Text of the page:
The song’s lyrical content is notable because it is just fun material that encourages dancing happily just as much as the song’s musical arrangement. This is proven as Klinghorn sings in the song’s lead verse, “Candle’s burning low/Is it really after 1 (not yet)/My glass ain’t empty, though/So I don’t have to run, baby/Maxwell on the stereo/And the record’s almost done/And all my people know/the night’s just begun (we’re just getting started/Someone caught my by surprise/And she got that look in her eyes/Hey baby/See you watching me/And maybe/You like what you see/Hey lady/Make your move this way/So crazy/What I’m ‘bout to say.” He continues in the song’s second verse, “Body’s movin’ slow/Temptaion fills the air, yes it does/I said we’re wraped up in the floor/I wanna feel you everywhere (all over your body, baby)/Girl, you caught me by surprise and you got that look right in your eyes.” Once again, there is no doubt as to the song’s message in this case. This is one of those straight-up ‘Come hither, let’s get dancing and get busy’ songs that works just as well in the club as in the bedroom. That is even more evident when this content is coupled with the song’s light, funky musical arrangement. All things considered, they show just as much why this song is as notable as Like Candy’s title track. It is not the last of the EP’s most notable tracks. The more reserved break-up song (yes, the group even features a break-up song in this record, too) ‘Pardon Me’ is notable in its own right, too.
The musical arrangement at the center of ‘Pardon Me’ does a good job of illustrating the emotions of someone who has been played by another one time too many. This one presents a more modern r&b vibe, again akin to works from D’Angelo, Maxwell and other similar acts, with its subtle horn lines, keyboards and drums. It is just one part of what makes the song stand out. The noted lyrical content plays into this just as much as the engaging musical arrangement.
Klinghorn sings in the song’s lead verse, “I can see you wear that smile…try to pretend/That you would never make me feel like this again/Now it’s on my mind/That you lied/The first and second time/When you told me not to worry about your friend/Had me thinking/Everything would be okay/And believing every word I heard you say/Now I know/When you said/You love sleeping in my bed/You were getting what you want another way/I’m not here for you/I ran out of sympathy/The moment you ran out on me/I’m not here for you/Excuse me miss/Pardon me/You don’t get my loyalty.” He continues in the song’s second verse, “Hold up/Back up/What the hell/You lying for/Telling me/You don’t see it anymore/Why don’t you call up your number one/So you can him that we’re we’re done/Say what’s up for me.” Klinghorn’s subject makes no bones about his feelings over the situation of this broken relationship. This is a song, with these lyrics and content, to which many listeners will relate with such straight-forward lyrics. The reserved nature of the arrangement will help the noted listeners connect with the song just as much as the song’s lyrics. Both elements together make this song a song that is just as radio ready as the other songs noted here and the EP’s other two songs. All things considered, the EP in whole proves to be a solid new offering from Nooky Jones and a work that could – with the right support – be the record that breaks the group into the r&b mainstream.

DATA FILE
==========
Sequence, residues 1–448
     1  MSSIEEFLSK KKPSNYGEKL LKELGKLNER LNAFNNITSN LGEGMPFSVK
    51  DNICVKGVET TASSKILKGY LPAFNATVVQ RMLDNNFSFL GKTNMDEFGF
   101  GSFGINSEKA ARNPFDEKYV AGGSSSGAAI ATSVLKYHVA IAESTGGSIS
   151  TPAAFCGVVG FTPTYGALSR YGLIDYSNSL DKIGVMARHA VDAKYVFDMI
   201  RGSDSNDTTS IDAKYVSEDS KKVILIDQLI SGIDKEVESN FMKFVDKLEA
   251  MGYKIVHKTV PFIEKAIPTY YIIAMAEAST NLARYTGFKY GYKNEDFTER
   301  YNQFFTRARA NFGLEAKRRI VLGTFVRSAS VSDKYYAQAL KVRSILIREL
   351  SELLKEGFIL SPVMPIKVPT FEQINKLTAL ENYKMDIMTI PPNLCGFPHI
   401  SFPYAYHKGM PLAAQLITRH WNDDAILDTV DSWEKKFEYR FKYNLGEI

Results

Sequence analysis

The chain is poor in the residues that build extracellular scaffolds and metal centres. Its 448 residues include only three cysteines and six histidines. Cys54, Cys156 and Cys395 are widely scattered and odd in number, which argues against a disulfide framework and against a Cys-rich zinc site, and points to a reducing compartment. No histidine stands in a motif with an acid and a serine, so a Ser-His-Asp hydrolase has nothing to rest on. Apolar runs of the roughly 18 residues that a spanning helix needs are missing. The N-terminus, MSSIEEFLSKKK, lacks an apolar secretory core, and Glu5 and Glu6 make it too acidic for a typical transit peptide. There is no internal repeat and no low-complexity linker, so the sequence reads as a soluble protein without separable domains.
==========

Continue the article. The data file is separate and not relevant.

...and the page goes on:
Nooky Jones’ new EP Like Candy is a sweet musical treat for r&b fans of all ages. That is thanks to its musical and lyrical content. That is explained through analysis of three of the EP’s songs here. The combination of the modern and old school r&b and funk musical elements and the equally accessible lyrical content exhibited in each of the three songs discussed here – and the EP’s other two songs not directly discussed – go a long way toward making the EP appealing for the noted audiences. All things considered, they make the EP a “sweet” new offering for r&b audiences of all ages. More information on Like Candy is available online along with all of the group’s latest news at: